For more than a year, a verbal battle has raged between, a local nonprofit group, and the American Society of Civil Engineers (ASCE). has charged ASCE with unethical behavior in its review of the U.S. Army Corps of Engineers' investigation into the 2005 levee failures. ASCE has responded by threatening to sue It's time to end the war of words and unite behind something on which both groups should agree: support of the proposed 8/29 Commission, which represents the best hope for a thorough and independent analysis of the levee failures.

The two groups have major differences, to be sure. The motto, proudly displayed on thousands of yard signs throughout the city, is "Hold the Corps Accountable." ASCE, on the other hand, is inextricably linked to the Corps. Its 140,000 members include many engineers who have contracted with the Corps. When the Corps began investigating the levee failures — through its Interagency Performance Evaluation Task Force (IPET) — the agency asked ASCE to create an "external review panel" (ERP) to evaluate IPET's work. The Corps paid ASCE nearly $1 million for the ERP's assessment.

When the ERP released its report in June 2007, reacted immediately. The group didn't criticize the report so much as the press release announcing it. Citing several glaring errors in the release, insisted ASCE issue a retraction. ASCE removed the press release from its Web site, but did not apologize.

Tensions increased last November when a high school class at Isidore Newman School created and posted a short video on describing how the Corps paid ASCE for the ERP report and awarded the panel medals before the final report was issued. ASCE threatened a cease-and-desist lawsuit if the video wasn't removed. The offending video was taken down but later reposted after a public outcry against ASCE. Almost contemporaneously, ASCE announced that its Committee on Professional Conduct would investigate allegations of unethical conduct lodged by Ray Seed, an engineering professor and a lead investigator in a separate levee investigation by the National Science Foundation.

ASCE also announced that it was forming an independent task force headed up by former U.S. Rep. Sherwood Boehlert (R-N.Y.) to examine the society's policies and procedures for conducting engineering studies and national investigations. The task force was supposed to issue its report last April, but Boehlert now says it won't be ready until at least September.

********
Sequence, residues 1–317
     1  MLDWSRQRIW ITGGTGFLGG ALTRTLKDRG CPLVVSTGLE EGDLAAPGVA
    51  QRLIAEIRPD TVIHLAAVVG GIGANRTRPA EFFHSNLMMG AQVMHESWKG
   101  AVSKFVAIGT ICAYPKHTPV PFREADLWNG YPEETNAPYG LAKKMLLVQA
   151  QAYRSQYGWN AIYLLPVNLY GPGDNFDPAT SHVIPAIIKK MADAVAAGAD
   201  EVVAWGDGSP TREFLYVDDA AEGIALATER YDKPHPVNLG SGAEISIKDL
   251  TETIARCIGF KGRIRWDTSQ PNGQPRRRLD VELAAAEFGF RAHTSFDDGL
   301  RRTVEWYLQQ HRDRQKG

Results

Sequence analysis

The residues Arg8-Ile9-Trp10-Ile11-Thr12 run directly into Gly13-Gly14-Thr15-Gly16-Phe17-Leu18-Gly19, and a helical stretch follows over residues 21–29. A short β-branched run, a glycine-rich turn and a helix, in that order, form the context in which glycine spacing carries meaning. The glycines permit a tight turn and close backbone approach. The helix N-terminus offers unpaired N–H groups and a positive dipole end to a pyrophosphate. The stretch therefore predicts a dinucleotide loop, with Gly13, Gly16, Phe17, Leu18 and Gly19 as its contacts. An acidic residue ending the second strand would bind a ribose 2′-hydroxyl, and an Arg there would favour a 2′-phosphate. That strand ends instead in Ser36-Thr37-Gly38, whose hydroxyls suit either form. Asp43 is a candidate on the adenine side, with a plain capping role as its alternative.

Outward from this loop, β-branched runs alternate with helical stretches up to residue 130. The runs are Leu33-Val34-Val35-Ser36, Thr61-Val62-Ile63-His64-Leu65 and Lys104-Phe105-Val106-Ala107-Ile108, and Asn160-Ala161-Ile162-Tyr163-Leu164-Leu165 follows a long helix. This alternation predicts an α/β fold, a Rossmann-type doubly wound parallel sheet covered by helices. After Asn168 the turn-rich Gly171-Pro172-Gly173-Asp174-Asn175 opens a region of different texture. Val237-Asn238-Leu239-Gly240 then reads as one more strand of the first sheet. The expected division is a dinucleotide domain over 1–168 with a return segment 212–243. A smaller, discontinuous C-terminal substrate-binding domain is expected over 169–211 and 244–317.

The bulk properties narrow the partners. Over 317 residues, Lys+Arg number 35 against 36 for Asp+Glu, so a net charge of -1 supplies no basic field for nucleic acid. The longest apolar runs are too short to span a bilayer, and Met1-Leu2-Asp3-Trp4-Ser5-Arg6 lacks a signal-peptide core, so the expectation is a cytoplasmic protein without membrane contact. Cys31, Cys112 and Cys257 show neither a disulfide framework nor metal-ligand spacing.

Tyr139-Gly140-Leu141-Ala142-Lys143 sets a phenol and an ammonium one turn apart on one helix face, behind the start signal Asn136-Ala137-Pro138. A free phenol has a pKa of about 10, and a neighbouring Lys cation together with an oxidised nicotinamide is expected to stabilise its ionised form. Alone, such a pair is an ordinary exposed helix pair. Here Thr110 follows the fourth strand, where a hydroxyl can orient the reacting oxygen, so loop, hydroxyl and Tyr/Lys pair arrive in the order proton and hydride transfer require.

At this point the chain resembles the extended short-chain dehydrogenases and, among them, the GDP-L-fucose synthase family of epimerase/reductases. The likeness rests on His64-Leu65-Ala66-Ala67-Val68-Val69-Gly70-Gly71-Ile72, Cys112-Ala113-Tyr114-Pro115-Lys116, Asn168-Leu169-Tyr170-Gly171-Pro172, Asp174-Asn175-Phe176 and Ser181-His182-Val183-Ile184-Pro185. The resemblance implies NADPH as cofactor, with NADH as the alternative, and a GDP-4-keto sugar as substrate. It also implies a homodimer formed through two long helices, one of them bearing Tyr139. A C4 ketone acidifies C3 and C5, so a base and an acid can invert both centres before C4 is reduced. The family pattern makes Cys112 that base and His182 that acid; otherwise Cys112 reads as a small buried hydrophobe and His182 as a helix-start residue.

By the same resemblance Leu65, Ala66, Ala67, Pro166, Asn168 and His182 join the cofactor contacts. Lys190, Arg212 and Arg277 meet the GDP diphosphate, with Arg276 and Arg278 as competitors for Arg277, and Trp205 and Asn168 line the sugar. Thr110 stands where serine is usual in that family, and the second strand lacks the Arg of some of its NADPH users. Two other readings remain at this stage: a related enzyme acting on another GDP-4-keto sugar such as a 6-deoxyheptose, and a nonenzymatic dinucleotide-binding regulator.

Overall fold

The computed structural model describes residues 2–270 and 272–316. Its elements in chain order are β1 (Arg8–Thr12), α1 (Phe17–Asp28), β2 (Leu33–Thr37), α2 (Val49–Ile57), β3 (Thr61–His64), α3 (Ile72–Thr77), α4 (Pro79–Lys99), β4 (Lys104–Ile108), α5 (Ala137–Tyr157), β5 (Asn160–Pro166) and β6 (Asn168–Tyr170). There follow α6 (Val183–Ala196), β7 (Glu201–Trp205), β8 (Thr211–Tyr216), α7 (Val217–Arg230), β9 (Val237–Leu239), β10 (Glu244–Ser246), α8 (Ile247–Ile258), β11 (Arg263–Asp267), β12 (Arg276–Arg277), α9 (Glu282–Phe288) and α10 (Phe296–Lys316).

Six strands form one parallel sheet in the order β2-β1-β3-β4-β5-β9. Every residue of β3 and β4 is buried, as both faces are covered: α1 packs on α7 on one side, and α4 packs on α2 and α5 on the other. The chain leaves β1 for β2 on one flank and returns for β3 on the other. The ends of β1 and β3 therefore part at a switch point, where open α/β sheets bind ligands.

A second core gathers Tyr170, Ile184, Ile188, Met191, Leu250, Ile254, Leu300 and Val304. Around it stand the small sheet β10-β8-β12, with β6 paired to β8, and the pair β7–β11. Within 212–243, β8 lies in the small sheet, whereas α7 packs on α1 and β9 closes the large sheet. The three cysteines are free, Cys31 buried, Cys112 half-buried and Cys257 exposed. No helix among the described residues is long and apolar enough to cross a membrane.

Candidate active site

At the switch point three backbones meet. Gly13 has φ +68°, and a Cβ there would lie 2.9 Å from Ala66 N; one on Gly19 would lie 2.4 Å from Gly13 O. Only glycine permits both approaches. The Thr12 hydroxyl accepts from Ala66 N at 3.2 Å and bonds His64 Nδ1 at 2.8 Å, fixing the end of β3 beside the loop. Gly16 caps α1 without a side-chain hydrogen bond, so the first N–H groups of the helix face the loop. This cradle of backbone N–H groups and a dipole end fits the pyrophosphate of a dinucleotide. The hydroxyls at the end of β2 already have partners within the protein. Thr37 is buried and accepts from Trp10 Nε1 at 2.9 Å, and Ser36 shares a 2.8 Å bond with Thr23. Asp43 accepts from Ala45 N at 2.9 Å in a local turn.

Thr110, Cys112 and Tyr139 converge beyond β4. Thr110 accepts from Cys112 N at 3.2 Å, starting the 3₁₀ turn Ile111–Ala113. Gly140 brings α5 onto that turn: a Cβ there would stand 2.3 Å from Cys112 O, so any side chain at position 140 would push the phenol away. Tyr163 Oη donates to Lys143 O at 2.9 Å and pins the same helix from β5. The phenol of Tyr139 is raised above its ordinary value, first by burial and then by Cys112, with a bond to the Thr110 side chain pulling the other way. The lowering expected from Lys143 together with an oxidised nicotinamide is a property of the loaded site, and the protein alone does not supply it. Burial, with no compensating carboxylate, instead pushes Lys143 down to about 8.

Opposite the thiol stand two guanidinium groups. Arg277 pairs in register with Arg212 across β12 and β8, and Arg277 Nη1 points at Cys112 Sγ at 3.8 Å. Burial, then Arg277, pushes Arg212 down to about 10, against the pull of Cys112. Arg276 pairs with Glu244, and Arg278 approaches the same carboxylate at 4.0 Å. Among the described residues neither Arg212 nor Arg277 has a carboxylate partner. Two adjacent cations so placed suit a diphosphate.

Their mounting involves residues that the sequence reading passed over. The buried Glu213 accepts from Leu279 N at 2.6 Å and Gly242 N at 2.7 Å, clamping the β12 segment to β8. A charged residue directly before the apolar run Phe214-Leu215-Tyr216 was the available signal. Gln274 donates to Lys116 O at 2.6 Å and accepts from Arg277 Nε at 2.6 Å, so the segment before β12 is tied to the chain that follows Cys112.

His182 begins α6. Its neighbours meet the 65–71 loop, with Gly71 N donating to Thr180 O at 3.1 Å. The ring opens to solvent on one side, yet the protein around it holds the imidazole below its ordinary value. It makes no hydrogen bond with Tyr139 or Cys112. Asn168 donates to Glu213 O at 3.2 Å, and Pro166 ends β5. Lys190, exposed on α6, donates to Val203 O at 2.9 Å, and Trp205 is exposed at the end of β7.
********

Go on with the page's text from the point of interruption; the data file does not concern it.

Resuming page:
The feud boiled over again this past Tuesday, when called a press conference to decry delays in the Boehlert task force's report and the CPC's report. "The American Society of Civil Engineers has shown their true colors, and that is more of a drive to protect their own than to protect the American people," founder Sandy Rosenthal said.

While we admire Rosenthal's work, we respectfully disagree with her accusation. While we share her disdain ASCE Executive Deputy Director Larry Roth, who made presentations to engineering students across the country that attempted to blame local levee boards instead of the Corps for the levee failures, most ASCE members are qualified, respected and honest civil engineers. One of them is local engineer Tom Jackson, a past president of ASCE who served on the ERP and currently sits on the Southeast Louisiana Flood Protection Authority-East. Although he has done consulting work for the Corps, Jackson also has criticized the agency. Most recently, he and his fellow flood authority members voted unanimously to support the proposed 8/29 Commission.

Jackson also has some ideas as to how to make peace between ASCE and He says an 8/29 Commission shouldn't focus on placing blame, but rather should examine critical "soft issues" such as how the Corps as a military organization works with Congress and the president in proposing flood-control projects in terms of cost and authorization. "As a past president of ASCE, I think they would support that kind of investigation at the drop of a hat," Jackson says. Rosenthal likewise has said the main purpose of the proposed commission is not to assign blame but rather to find ways to prevent such a catastrophe from happening again.

U.S. Sen. Mary Landrieu has introduced an 8/29 bill, and Rep. Charlie Melancon supports it. Unfortunately, the idea has stalled in Congress and likely won't get a hearing until next year. Still, now is the time to build momentum for the proposed commission — and winning the support of the 140,000-strong ASCE could provide just the push to make the commission a reality. ASCE's role in the levee failure investigation has been a public relations' nightmare. The association now has a chance to turn things around.

We urge ASCE and to end the war of words and unite behind the proposed 8/29 commission. In the end, both groups want the same thing: safe and reliable flood protection for New Orleans. That's also a good place to start.